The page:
The snobs out there may label Ocean Colour Scene ‘unfashionable’ and perhaps even ‘past their sell by date’, but try telling that to the crowd who packed into their sold out show in Glasgow’s Garage. For a start, you may have ended up with a sore jaw.
Football-like chants of ‘O.C.S-O.C.S’ rang round the venue before a chord was strummed, in between every song, and even long after the band had finished their lengthy set which was built around their classic album ‘Moseley Shoals’, itself now 20 years young.
For some people of a certain age, OCS and that album are synonymous with nostalgia and it was obvious as you looked around the crowd to see excited faces, hoards of ‘lads’ who, for once, were losing the plot in a good way. I hear my photographer was close to tears. OCS may be getting on a bit also but their performance affirmed, for my money, their status as the ‘still- vibrant’ bastard offspring of Paul Weller. That’s a compliment.
THAT riff from ‘The Riverboat Song’ (Guy Ritchie fans know it well) sounded as good as ever when played live; likewise ‘The Day We Caught The Train’ was delivered with force and would spark one of many mass sing-alongs of the night. Guitarist Steve Cradock brought the pace ever so slowly down for ‘The Circle’, another album and set highlight, and one which would let the crowd catch breath before raising their pints to the ceiling in salute.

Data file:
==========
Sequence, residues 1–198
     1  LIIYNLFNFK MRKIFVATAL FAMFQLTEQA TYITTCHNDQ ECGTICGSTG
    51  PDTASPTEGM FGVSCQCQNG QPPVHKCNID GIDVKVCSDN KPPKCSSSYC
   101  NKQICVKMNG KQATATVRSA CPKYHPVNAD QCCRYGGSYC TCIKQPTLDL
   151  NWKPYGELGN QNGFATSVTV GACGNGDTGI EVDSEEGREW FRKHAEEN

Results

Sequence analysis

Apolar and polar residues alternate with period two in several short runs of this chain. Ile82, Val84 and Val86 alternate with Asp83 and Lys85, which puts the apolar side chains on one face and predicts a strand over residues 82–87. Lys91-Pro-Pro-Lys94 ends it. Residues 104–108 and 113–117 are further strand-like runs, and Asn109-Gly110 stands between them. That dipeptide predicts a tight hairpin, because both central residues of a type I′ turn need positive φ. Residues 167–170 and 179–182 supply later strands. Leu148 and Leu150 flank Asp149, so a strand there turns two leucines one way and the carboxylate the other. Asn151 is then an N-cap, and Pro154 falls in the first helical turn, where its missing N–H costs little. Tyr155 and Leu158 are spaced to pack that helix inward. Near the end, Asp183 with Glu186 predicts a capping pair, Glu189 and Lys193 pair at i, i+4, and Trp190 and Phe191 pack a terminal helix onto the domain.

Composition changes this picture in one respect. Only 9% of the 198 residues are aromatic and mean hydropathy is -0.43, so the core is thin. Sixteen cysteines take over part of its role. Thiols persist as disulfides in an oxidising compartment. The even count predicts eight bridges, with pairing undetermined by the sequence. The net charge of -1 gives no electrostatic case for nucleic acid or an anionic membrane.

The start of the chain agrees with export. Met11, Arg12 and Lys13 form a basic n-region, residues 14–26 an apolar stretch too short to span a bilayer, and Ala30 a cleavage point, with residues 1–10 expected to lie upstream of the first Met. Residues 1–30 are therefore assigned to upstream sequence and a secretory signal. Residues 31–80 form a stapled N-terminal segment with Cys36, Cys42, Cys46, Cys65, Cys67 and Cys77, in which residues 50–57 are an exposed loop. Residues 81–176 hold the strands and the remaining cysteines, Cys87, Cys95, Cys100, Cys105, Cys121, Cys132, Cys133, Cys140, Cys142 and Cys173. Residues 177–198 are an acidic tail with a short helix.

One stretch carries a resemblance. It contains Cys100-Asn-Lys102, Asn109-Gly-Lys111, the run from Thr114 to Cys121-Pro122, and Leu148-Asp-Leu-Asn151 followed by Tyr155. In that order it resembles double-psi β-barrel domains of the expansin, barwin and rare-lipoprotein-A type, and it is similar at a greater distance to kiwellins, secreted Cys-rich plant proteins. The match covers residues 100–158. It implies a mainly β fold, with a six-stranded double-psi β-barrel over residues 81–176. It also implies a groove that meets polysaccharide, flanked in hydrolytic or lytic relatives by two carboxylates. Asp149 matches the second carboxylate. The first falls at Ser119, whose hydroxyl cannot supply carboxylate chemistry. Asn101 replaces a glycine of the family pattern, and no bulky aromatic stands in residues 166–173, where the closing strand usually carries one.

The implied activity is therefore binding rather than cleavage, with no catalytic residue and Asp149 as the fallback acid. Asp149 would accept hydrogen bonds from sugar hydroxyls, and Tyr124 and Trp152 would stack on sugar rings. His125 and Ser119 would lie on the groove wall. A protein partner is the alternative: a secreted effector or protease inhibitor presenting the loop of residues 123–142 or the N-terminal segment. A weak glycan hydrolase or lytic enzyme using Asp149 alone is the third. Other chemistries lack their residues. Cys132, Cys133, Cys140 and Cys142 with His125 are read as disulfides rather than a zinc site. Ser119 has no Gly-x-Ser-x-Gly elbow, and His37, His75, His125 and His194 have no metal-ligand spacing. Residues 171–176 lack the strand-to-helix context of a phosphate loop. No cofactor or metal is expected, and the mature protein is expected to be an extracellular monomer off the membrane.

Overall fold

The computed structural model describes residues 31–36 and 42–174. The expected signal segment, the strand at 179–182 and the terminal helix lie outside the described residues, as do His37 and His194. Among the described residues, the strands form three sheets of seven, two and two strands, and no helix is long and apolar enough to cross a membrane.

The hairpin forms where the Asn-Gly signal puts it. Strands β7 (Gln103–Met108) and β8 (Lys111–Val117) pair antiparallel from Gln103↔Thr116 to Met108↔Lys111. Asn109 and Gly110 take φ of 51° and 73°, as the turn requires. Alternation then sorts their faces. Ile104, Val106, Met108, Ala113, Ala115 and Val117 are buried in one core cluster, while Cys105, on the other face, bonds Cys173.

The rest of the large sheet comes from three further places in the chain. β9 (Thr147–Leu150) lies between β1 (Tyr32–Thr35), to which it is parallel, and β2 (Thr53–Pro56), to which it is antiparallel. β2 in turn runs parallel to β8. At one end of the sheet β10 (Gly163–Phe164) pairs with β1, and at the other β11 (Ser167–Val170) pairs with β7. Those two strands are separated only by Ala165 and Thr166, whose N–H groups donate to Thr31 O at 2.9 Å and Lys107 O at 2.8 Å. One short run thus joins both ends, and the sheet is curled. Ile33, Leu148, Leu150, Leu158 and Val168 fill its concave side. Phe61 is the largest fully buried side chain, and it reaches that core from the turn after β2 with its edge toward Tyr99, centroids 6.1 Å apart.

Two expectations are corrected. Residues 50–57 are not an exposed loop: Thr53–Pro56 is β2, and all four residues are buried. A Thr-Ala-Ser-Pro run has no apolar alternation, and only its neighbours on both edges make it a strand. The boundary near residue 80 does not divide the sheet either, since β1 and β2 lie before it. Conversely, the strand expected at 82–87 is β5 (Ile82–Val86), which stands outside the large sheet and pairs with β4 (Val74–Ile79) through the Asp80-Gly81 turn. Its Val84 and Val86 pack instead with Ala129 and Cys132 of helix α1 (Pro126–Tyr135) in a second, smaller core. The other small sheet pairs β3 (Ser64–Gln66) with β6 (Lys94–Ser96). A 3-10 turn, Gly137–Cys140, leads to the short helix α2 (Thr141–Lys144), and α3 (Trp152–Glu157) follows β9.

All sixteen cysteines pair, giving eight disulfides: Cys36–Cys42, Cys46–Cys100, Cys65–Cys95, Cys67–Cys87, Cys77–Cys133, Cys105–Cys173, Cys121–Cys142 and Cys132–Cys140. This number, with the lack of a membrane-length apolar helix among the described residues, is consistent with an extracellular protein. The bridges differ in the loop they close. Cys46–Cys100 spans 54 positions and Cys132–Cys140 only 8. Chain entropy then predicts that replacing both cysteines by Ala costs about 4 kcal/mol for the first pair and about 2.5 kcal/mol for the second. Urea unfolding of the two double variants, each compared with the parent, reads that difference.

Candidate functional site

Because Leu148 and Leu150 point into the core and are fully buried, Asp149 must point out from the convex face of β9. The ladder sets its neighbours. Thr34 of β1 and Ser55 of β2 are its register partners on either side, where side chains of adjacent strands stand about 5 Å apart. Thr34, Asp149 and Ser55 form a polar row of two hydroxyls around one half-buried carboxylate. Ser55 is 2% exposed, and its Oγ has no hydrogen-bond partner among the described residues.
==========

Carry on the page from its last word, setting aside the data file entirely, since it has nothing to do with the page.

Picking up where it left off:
Ballads like ‘Lining Your Pockets’ and ‘The Downstream’ again had the crowd swaying before Cradock would significantly raise the noise levels and sign off the main set with more of his signature riffs; firstly on the blistering ‘You’ve Got It Bad’, and then with ‘Get Away’.
Even when ‘Moseley Shoals’ was over, OCS still had plenty left to satisfy. ‘Hundred Mile High City’ sent the house into raptures, while my personal highlight of the night – ‘Profit In Peace’ – turned the entire place into one huge communal war-protest sing song.
From shows like this it’s easy to see why OCS continue to tour, and obvious why they always fill venues. I dare say I’ll see similar faces again around the same time
Words: Anthony Jackson
Photo: Dennis McAlinden
Venue: Glasgow Garage
Support Band: none